Ace: What Asexuality Reveals About Desire, Society and the Meaning of Sex by Angela Chen
This book was recommended to me by a friend and is well-worth the read! The author identifies as an asexual and does a good job of both summarizing the diversity in the asexual and aromantic communities, as well as pointing out the ubiquity of assumptions about the norm made by allosexuals, and perpetuated in media and messaging. The book is a good reminder that human diversity is endlessly surprising that we should be embracing our differences and learning from one another, not viewing difference as a threat. The book is helpful as well for those who don’t know anything about asexuality or for those who think they know more than they actually do. I highly recommend giving this a read and educating yourself on a community many of us don’t pay nearly enough attention to.
I Love Jesus, But I Want To Die: Finding Hope In The Darkness of Depression by Sarah J. Robinson
This book fills a distinct lack in the Christian circles about faith and mental health. While more conservative, fundamentalist, evangelical traditions of Christianity tend to be overtly uncomfortable with mental health, perpetuating the idea that if one is just faithful enough, suffering in their life will disappear, more “progressive” traditions have their own set of failings on the mental health front. Perhaps the most ubiqutious is what Barbara Brown Taylor has deemed “solar spirituality”–in these mainline Protestant and other “progressive” traditions, there is not a denial of suffering per se–and certainly not a straight works=rewards system like in the the prosperity gospel–but there IS a discomfort with anything too raw. There’s a stubborn focus on optimism, or hope for the future that minimizes the sufferings of the present to a worrisome extent.
I bought this book because I knew what it was like to want to die–not actively, but hoping that it would just happen; and it proved well-worth it. The author lays bare her struggles with depression and suicidal ideation–most importantly, she doesn’t wrap everything up in a bow: she acknowledges that while she now has more tools to live with depression, she still DOES live with depression and always will. There are no cure-alls in this book; what there IS is an assurance of the Spirit being with us in our suffering, of the fact that we ARE loved AND lovable, and of the fact that friends and family may be far more receptive than we fear.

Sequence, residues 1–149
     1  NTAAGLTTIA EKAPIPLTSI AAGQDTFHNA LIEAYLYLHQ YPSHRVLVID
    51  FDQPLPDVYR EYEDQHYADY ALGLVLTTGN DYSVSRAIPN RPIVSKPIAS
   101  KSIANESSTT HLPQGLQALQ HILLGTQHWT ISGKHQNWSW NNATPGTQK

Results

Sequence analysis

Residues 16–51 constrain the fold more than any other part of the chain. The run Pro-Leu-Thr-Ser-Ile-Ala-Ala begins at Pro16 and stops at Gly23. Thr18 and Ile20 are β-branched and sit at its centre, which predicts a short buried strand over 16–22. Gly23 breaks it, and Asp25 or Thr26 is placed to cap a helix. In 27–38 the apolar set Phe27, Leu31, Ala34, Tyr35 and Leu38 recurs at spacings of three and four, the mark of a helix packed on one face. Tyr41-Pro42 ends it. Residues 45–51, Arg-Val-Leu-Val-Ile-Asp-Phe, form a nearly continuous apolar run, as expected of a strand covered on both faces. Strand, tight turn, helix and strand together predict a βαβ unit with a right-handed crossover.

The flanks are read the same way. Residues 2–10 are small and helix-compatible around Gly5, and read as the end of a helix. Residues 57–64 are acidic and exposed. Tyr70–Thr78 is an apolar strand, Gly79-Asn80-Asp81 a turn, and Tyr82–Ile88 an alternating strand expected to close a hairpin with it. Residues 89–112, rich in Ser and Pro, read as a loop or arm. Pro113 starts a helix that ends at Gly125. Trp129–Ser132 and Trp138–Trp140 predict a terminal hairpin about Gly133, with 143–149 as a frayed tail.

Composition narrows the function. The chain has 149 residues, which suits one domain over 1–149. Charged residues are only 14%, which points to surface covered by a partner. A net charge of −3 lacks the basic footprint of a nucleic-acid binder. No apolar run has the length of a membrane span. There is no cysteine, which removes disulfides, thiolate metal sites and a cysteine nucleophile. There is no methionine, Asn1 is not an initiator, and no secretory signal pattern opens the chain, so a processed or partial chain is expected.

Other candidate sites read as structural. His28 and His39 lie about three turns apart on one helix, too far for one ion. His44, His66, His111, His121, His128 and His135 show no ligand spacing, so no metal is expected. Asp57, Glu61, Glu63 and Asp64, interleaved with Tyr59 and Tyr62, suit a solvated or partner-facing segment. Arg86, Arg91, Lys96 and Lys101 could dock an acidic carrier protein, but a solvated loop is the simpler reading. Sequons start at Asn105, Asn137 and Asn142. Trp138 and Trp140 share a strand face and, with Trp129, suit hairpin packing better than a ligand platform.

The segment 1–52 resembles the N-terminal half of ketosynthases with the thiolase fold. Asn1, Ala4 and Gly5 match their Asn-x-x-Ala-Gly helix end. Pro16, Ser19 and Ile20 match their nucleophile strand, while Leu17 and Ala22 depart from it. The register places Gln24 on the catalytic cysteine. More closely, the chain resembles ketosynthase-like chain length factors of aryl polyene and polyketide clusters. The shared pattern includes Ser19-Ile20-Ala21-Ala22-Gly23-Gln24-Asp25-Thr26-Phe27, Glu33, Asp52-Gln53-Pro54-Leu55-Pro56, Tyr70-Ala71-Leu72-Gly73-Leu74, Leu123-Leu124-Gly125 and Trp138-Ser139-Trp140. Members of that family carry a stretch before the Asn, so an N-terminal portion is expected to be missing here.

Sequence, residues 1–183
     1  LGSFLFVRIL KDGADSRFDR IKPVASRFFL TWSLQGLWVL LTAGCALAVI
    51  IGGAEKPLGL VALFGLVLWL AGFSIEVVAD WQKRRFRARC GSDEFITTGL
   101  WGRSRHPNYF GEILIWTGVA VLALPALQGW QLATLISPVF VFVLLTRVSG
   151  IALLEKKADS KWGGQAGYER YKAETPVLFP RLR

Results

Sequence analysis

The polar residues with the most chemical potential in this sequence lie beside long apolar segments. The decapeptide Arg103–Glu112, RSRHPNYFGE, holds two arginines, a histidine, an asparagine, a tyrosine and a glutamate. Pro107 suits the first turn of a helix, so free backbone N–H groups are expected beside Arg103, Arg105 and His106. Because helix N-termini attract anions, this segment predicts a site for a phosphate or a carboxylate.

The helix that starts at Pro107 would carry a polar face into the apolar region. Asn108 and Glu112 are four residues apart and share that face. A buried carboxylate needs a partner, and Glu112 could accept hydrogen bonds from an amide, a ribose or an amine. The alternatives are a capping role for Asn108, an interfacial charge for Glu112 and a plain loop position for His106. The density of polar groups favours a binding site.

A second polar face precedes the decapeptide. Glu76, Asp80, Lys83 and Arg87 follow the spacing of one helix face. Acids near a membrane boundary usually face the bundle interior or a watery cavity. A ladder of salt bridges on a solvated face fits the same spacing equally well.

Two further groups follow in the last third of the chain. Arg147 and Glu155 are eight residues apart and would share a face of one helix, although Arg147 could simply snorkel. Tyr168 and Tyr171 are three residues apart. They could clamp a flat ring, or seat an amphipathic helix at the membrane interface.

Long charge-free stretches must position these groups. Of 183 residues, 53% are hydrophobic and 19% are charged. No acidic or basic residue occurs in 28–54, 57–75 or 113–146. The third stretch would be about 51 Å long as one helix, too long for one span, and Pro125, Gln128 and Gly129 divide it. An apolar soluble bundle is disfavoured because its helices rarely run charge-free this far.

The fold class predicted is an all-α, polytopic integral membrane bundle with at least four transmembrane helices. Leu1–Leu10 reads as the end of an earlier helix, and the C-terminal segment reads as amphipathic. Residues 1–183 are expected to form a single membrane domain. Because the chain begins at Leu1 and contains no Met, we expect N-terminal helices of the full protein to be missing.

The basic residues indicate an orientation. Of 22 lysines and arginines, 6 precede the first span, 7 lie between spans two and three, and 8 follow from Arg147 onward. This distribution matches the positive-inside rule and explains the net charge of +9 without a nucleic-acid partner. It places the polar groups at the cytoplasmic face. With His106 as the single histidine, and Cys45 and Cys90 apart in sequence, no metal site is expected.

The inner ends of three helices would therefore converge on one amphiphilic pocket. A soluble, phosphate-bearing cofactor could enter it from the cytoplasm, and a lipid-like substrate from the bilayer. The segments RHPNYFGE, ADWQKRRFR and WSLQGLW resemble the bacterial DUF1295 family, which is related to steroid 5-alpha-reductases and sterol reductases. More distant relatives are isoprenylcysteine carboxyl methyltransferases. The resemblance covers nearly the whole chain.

This is an excellent book for any person of faith who has struggled with depression and anxiety, and feeling lonely and alone; the book will assure you you are not alone, and indeed, that you stand with many of the great Biblical figures and historical church figures.
Come As You Are, Revised and Updated: The Surprising New Science That Will Transform Your Sex Life by Emily Nagoski, Ph. D.
It is it to my great regret that I never did read the first edition of this book, as I heard great things about it; but I just completed this book and it is far more amazing than I was ever told. It is certainly far more tailored to folks with vulvas than those with penises but it is still quite fascinating. I also gained a much clearer understanding of the difference between responsive and spontaneous desire than I had in the podcasts and other books that have talked about it; the author is far more clear that context is crucially important, that there’s two parallel systems–sexual inhibitors and sexual excitors– that dictate sexual response; and that all desire is, in fact, responsive and that spontaneous desire is only seemingly spontaneous. The author describes things clearly and with authority, and provides plenty of exercises to practice and ideas to explore. This is an excellent book and I highly recommend it for anyone interested in exploring sexuality, or even just in seeing how our media gets things wrong.
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